Pablo Picasso was a sculptor, printmaker, ceramicist, stage designer, poet and playwright, but what he’s best known as is the 20th Century’s most influential painter. He became that by tearing up the rule book, but he didn’t start that way.
Born in 1881, his father soon realised his son had an extraordinary talent and gave him all the tools he needed to explore his artistic side. The first thing Pablo did was learn all the rules of art by painting in a naturalistic style, like almost everyone else.
At the age of 16 he was enrolled in Madrid’s Royal Academy of San Fernando and the switch was thrown. With a newly found and intense dislike of formal instruction he simply stopped turning up. He’d already learned the rules and now his destiny lay in breaking them.
What happened next was extraordinary. By experimenting with different theories, techniques and ideas he went on to be co-founder of the Cubism movement, leading the way for artists such as Francis Bacon and Andy Warhol.
What he did was change the way we understand visual communication but at the same time he reassured us that his works were still actual paintings.
He did this with a love of rules because without them he’d have nothing to bend or break. Yes, that’s right, Pablo Picasso loved rules.
(He also went on to break a few other rules with several mistresses and a wife or two but that’s a digression we’ll quickly brush over).
So what can we learn from Pablo?
First and foremost selling, like art, is a form of expression. Your pitch is your canvas and how you paint that canvas is up to you but to be able to break the rules you need to learn them in the first place, just like Picasso.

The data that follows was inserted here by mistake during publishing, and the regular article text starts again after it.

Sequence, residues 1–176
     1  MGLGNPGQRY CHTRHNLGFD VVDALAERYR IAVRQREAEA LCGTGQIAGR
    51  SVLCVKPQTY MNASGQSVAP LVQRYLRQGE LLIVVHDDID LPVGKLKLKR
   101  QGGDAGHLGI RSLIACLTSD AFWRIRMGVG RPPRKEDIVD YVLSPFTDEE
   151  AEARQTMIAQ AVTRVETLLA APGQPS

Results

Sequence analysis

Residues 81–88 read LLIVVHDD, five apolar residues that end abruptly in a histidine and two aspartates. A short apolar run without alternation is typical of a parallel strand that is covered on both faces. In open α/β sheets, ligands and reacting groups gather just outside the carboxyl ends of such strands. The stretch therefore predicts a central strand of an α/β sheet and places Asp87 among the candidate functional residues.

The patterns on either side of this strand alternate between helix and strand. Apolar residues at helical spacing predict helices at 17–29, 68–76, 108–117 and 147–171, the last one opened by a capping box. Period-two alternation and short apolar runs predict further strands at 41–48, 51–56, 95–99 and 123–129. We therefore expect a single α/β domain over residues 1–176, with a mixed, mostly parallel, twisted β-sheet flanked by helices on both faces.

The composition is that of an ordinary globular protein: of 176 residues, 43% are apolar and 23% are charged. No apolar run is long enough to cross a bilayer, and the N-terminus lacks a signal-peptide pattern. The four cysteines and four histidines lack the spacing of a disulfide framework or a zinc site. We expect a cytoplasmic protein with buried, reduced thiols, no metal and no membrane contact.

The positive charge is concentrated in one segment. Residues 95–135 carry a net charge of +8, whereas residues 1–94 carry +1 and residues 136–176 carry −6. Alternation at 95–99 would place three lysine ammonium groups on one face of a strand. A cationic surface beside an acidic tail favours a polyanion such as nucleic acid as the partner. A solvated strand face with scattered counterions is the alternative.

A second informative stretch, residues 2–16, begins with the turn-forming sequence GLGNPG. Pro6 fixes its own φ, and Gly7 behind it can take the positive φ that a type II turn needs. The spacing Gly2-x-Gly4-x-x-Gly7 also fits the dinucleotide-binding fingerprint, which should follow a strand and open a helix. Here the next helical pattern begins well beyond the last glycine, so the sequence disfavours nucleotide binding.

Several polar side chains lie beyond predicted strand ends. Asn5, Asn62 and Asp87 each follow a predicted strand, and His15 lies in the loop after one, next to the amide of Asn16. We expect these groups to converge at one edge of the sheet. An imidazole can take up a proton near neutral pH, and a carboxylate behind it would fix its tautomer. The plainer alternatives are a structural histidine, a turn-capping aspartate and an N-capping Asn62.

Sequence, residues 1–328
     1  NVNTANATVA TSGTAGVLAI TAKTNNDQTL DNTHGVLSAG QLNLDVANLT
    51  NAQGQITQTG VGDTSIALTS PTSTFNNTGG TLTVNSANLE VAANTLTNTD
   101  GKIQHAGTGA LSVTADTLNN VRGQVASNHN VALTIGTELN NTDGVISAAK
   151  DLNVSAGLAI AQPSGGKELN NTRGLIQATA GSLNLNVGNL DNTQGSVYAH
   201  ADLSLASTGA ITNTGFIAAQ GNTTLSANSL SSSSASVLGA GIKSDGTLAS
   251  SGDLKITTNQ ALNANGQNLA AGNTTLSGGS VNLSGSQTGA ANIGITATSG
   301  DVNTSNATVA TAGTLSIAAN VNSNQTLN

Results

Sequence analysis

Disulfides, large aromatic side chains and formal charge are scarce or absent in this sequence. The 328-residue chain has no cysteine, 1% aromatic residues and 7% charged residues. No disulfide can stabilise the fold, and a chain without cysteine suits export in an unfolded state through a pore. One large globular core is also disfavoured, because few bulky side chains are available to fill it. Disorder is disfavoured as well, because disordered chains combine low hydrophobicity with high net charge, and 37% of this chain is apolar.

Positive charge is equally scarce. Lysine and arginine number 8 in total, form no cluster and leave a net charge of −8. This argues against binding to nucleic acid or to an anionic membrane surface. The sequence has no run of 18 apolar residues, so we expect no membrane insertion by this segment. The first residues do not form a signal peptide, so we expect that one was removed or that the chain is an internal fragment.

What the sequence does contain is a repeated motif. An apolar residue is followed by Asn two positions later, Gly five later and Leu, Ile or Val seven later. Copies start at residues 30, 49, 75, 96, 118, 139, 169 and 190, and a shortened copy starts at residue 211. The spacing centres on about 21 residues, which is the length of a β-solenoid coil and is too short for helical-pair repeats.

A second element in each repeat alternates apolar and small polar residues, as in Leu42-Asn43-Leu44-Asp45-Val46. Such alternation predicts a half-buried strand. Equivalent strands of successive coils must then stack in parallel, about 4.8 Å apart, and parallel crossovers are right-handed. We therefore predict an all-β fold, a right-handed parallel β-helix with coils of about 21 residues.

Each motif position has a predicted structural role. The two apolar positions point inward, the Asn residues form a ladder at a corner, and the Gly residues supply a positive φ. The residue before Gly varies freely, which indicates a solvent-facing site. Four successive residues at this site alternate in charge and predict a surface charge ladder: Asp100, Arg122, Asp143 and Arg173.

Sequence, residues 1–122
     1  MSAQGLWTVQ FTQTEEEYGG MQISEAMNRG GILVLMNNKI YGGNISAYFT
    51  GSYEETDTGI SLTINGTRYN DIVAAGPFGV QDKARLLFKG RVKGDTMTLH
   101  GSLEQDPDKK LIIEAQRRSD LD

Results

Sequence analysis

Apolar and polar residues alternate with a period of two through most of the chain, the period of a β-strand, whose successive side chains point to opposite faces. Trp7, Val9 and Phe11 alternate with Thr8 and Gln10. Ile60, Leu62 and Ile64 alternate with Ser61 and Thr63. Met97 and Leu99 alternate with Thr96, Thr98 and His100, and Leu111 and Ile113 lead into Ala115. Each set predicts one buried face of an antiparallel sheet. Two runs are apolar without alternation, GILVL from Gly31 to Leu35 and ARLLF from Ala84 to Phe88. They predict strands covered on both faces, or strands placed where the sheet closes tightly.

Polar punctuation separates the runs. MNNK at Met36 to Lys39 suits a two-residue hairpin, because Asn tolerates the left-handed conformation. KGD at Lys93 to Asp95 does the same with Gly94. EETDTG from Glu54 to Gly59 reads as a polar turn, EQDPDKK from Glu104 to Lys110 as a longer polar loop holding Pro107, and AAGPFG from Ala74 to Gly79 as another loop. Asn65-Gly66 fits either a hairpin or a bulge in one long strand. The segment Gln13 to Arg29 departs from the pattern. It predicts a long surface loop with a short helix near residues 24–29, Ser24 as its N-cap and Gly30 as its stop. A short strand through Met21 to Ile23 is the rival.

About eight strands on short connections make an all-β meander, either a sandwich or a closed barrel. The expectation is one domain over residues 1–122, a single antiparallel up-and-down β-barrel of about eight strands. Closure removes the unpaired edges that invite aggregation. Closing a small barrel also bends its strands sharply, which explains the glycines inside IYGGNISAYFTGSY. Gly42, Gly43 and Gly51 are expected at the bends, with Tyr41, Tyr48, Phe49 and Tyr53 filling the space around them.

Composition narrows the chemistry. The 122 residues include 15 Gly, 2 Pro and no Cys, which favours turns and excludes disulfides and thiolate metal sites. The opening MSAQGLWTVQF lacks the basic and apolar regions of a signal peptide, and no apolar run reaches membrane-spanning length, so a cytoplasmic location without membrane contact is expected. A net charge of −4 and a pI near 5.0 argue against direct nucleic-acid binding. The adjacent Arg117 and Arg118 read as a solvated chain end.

Learning the rules requires formal training – there is no shortcut. But once you have the knowledge, the systems and disciplines that underscore the rules of selling, then you’re free to systematically break them as you wish.
Of course there are different kinds of rules. For example in finance there are legal regulations, in construction, health and safety considerations and in food, hygiene standards to name but three. These types of rules, for obvious reasons, can’t be broken.
The rules you can break bring us back to the sales pitch being your canvas.
Ten examples of breaking the rules:
1. Follow your gut instinct. Be versatile and think differently.
2. Selling is not a numbers game. Filter your contact list – be prepared to throw out as many as you add.
3. Think long-term and cajole your contact, don’t bludgeon.
4. Because it’s the way it’s always been done doesn’t mean it’s right.
5. One style doesn’t fit all. Tailor your presentation to each individual contact.
6. Reeling off the benefits of your product or service doesn’t sell. Listen to what your prospect needs.
7. Don’t set out to impress your prospect, let your prospect become impressed with you.
8. Be agile in your presentation. Prepare to change course as required.
9. Stop talking about yourself. Talk about your prospect instead.
10. Is a one-to-one pitch the best way? Maybe a group meeting with a collection of decision makers would be better.
Paint your own masterpiece.
You’ll know what’s right or wrong, what works for you and what doesn’t. Experiment with different styles of presentation. Explore different avenues of introduction, different ways to achieve the close. Once you know the rules, breaking them will not only be liberating but can also bring you the long-term success that you desire.
Picasso died in 1973 and left a huge legacy to the world of art. He defined new territories of expression and new methods and ways to create. He gave future artists permission to be different and above all carved out a unique place in the illustrious history of art.
By learning the rules then breaking them, you could be the next Picasso of the sales world. Be brave and give it a go. You never know…
By Doug Tucker, Managing Director of Sales Commando, an international sales training organisation. His motto is 'Have fun. Make money' and you can too! More sales techniques, advice and tips can be found in Doug Tucker’s book ‘Sales Commando, Unleash Your Potential’. The book gets straight to the heart of issues, complexities and opportunities and encourages and accelerates personal growth and sales success.